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Young People share their experiences at our Care Day 2018 event

National Care Day aims to break down the stigma of being in care and to change people’s negative perceptions of the care system by celebrating the achievements of those in care and to acknowledge and build on their rights. Five Rivers worked with our partners at Investing in Children to put on a big event in Sunderland on February 16 2018.

The day began with professionals Sarah-Jane and Hannah introducing National Care Day and the concepts behind it, before handing over to care leaver, Jak. Jak welcomed everybody and set up a ‘speed-dating’ session to break the ice and so we could all get to know a bit about each other’s story.

The room came to life; everybody was talking to everybody else and it really opened them up. This led nicely onto Jak and another care leaver Andrew,  sharing their own stories regarding growing up in care, revealing how their initial feelings of resentment and fear were overcome and how they now feel that being taken into care is the best thing that ever happened to them. Jak and Andrew also discussed how attending Youth Councils and meetings regarding Good Social Work practices built confidence and helped them both to realise that they do have things to say, and a voice to say those things with. Jak is now heavily involved with various committees and is a great example of how important it is for young people having a voice.

Another young person, Jade, made a hard-hitting speech on her experience of care. In her own words, Jade was ‘argumentative’ and she really struggled during the first few years of being in foster care. It was only a change in location and Social Worker that helped her turn a corner. Jade praised her Social Worker for ‘changing her life’; he never gave up and he went above and beyond to help her.  It was great to hear that she is now in a very happy place in her life and that she has a 15-month-old baby.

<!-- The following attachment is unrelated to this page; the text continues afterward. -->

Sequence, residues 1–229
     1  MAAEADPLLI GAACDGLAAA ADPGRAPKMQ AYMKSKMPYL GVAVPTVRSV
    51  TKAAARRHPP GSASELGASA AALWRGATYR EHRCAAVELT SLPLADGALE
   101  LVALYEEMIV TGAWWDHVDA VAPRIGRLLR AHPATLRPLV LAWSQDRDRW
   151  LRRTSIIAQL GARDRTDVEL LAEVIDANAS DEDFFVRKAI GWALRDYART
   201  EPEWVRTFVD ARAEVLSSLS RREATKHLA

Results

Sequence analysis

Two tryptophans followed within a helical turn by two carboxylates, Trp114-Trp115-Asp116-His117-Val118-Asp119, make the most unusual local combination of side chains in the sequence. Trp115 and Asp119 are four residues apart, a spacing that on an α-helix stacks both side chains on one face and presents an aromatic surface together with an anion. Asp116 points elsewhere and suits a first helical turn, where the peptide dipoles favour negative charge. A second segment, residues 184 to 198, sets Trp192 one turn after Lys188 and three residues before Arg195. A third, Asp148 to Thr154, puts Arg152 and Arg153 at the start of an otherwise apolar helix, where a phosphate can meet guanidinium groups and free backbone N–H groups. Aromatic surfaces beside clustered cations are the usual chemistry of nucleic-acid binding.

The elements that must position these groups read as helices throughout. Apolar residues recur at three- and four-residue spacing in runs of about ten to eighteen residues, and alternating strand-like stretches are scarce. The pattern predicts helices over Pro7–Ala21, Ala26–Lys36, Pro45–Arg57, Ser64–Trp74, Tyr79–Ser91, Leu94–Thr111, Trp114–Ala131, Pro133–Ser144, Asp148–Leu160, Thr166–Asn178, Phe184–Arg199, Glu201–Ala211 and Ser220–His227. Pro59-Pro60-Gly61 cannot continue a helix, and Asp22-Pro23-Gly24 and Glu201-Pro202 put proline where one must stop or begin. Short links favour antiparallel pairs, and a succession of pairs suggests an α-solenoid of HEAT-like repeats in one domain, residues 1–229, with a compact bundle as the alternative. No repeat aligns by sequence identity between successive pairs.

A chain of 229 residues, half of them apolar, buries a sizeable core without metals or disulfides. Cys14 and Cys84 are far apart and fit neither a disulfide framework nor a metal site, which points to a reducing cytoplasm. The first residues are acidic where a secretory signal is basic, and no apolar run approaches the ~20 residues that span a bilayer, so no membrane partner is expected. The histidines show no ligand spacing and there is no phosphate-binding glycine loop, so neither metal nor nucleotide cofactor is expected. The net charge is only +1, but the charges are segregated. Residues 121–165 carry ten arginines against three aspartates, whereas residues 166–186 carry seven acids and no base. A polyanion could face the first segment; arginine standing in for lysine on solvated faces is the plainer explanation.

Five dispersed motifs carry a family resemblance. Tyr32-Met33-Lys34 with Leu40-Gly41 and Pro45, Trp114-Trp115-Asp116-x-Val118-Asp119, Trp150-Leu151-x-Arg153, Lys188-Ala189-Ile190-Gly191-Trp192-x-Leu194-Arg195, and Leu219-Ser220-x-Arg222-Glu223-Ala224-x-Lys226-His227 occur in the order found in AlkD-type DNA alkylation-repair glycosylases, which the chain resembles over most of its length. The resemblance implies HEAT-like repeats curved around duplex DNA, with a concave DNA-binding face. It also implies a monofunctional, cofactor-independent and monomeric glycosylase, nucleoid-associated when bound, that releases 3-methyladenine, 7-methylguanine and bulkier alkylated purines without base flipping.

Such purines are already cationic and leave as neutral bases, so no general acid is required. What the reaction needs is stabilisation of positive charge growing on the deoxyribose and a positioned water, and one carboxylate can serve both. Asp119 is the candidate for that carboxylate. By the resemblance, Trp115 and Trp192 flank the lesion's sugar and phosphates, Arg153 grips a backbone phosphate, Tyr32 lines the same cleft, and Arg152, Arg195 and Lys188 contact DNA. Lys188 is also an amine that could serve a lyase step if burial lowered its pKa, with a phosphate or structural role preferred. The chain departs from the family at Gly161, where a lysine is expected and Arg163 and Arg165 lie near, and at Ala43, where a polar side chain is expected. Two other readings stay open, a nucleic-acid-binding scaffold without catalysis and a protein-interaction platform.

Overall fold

The day welcomed young people who are all constantly fighting to shake the stigma around being ‘looked after’ that prevents them from being treated the same as any other children.  For me, the most impressive part of the day was hearing from the care-experienced children themselves, so National Care Day 2018 highlighted the importance of young people in care having a voice. I look forward to seeing the progress they have made next year and Care Day being bigger and better than ever.

By Louise Davison, Five Rivers Fostering Support Worker, Thornaby

Care Day is a joint venture by Become Charity – promoting looked after children’s voices and care leavers’ rights in England.
Five Rivers Fostering is a member of Investing in Children – a network that promotes the rights of young people to participate in decisions relating to their care.

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